The main reason I decided to read this book and requested it at Netgalley was because of the storyline As many of you well, should know it is obvious I am Egyptian And I had spent some time in Egypt during the events of the 25th of January, but had to go visit my parents in Kuwait before it got dangerous It was weird being so far from your family and friends and having no way to contact them, completely terrifying really, and not the holiday we d all hoped for obviously Let me tell you, watching from the sidelines was not fun So I was intrigued, since the author did not appear to be Egyptian, and I had hoped it wasn t one of those books where they just serve in stereotypes about Arabs whilst not knowing much about them But this book was well researched and so I was glad for that.This book is about Mariam, an Egyptian girl who was born in the States and thinks of it as home, hating everything that reminds her of her Egyptian background That includes her name, her looks and her family s peculiar habits She hates it all and longs to be freed of her dad s strict reign Only, one day things go too far with her in a party she wasn t supposed to be at and as punishment, her father decides to send her to Egypt to stay with her grandmother for a bit with her bestfriend Deanna, there they both embark on a journey neither had ever anticipated One where they join the point of anger a whole country faces, making them be a part of something big, and belonging in it.One thing that bothered me was the part where the luggage was thrown on the floor In Cairo there are 2 airports, they re called the new airport and the old airport Never have I gone to either where your bags were just thrown on the floor for you to gather up.Other than that, the book was great I am one of those people whose parents weren t so fond of life in Egypt and decided to live abroad instead Dad had a choice between France and Kuwait, and chose Kuwait because he wanted us to be raised in an Arab and Muslim country, so we had the values engraved in us as we grew up Unfortunately for Mariam, her dad didn t make the same choice, causing the identity crisis and gap between the cultures to form an overload for her In any other regard though we were the same, I never felt like I belonged in Egypt, I hated every minute of it and thought my parents absolutely overbearing Frankly, I couldn t wait for the day to go out.I really liked this part Deanna makes us take about a dozen pictures of her and the Sphinx from all different angles Right profile Left profile Foot to paw I m going to put these all over Facebook, Deanna says Didn t Beth or was it Karen call me Sphinx Face It was Karen They didn t mean it as a compliment, Deanna Of course not But I like it Look how amazing this thing is, she says.Why do I like this part Because yes, the Sphinx is amazing That s honestly how I felt like the first time I saw him, I was so enthralled and in awe of him I had to be practically dragged away.I am so glad to have read a book that put a new perspective on people during the revolution, especially from a non Egyptian I could relate so much to Mariam, and the only time I ever felt like belonging to Egypt were in those moments of the revolution, one where we were all united with hopes of a better future I enjoyed the thorough research, the plausible scenarios, and the use of Arabic especially colloquial in the book, it added an extra charm to it.Long story short, a journey of a girl searching to find a meaning in life, fitting in to an aspect of her life she d never thought possible, and growing up.I enjoyed this book very much and would absolutely recommend it.Rating 3 5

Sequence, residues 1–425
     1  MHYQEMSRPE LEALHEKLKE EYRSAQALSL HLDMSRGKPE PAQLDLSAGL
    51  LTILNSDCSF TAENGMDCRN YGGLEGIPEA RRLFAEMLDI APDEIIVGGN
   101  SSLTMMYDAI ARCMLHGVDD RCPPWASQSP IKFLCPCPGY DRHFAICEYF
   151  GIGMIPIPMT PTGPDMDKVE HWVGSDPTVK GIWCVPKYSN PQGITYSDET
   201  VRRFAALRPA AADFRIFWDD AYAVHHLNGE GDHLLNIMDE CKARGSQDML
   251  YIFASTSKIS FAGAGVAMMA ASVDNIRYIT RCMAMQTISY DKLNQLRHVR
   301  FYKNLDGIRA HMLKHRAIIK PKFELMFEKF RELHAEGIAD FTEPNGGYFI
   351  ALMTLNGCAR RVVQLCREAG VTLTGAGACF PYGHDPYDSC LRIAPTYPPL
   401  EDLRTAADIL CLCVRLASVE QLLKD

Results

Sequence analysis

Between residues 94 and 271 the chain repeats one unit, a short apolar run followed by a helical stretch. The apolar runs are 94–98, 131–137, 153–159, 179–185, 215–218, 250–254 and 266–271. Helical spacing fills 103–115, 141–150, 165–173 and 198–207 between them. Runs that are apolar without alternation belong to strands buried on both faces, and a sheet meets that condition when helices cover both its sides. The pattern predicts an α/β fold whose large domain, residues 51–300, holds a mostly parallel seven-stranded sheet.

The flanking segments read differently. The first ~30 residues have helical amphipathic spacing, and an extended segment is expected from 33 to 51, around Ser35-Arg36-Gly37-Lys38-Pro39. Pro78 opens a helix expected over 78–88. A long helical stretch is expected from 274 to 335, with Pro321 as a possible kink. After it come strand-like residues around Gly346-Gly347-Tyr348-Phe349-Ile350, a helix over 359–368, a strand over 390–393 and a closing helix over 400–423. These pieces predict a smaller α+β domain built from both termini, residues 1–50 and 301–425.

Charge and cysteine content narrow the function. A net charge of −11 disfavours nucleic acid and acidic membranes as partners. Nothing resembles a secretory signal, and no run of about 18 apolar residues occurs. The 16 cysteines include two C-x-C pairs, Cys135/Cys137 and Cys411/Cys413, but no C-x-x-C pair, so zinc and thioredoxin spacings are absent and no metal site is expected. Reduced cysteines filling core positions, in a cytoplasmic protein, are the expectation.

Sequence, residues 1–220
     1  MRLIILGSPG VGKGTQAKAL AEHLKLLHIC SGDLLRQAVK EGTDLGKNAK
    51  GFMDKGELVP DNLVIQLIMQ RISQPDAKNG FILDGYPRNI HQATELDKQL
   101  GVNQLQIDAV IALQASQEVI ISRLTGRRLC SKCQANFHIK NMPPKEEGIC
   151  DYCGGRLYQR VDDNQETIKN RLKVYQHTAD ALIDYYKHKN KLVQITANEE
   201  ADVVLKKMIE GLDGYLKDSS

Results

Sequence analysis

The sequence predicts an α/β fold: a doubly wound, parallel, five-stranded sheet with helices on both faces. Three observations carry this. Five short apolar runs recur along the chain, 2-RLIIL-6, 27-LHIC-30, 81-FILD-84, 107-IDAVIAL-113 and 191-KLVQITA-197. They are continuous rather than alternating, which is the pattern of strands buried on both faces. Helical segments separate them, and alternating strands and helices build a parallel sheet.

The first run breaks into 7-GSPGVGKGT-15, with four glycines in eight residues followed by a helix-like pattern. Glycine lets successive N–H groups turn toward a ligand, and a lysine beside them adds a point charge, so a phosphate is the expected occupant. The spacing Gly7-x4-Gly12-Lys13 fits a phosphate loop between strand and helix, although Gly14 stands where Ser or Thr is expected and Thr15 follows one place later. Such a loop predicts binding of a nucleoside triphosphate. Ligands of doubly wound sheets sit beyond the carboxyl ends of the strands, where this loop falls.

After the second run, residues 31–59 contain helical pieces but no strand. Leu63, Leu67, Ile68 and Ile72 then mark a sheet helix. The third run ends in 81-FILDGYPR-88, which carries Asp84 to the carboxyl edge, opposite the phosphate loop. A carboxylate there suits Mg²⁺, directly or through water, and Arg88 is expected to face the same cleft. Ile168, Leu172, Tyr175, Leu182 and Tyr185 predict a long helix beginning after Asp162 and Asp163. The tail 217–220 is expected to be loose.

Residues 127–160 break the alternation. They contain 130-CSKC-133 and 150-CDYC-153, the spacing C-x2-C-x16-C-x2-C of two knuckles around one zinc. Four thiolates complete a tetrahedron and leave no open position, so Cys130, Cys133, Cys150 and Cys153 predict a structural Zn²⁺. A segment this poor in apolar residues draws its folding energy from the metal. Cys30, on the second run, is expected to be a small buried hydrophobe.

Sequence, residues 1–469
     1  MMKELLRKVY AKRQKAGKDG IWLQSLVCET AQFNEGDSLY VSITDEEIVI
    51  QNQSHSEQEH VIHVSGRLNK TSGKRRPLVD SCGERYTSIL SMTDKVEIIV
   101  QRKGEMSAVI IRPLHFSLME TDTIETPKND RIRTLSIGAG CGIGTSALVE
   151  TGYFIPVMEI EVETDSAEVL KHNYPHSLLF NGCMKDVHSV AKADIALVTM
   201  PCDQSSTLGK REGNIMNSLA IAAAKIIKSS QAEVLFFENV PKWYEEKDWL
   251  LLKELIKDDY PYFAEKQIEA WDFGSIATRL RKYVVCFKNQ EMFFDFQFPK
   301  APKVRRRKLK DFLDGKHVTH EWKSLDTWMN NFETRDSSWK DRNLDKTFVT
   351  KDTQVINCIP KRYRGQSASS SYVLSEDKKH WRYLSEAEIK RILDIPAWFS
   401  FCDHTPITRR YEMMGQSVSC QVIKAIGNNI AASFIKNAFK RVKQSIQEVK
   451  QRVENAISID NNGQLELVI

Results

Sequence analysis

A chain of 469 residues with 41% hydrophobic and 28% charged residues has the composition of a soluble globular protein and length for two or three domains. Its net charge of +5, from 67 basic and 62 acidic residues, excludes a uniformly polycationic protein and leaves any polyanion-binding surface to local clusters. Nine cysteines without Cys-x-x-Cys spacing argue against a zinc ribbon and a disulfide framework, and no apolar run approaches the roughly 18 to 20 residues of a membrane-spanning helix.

2. says: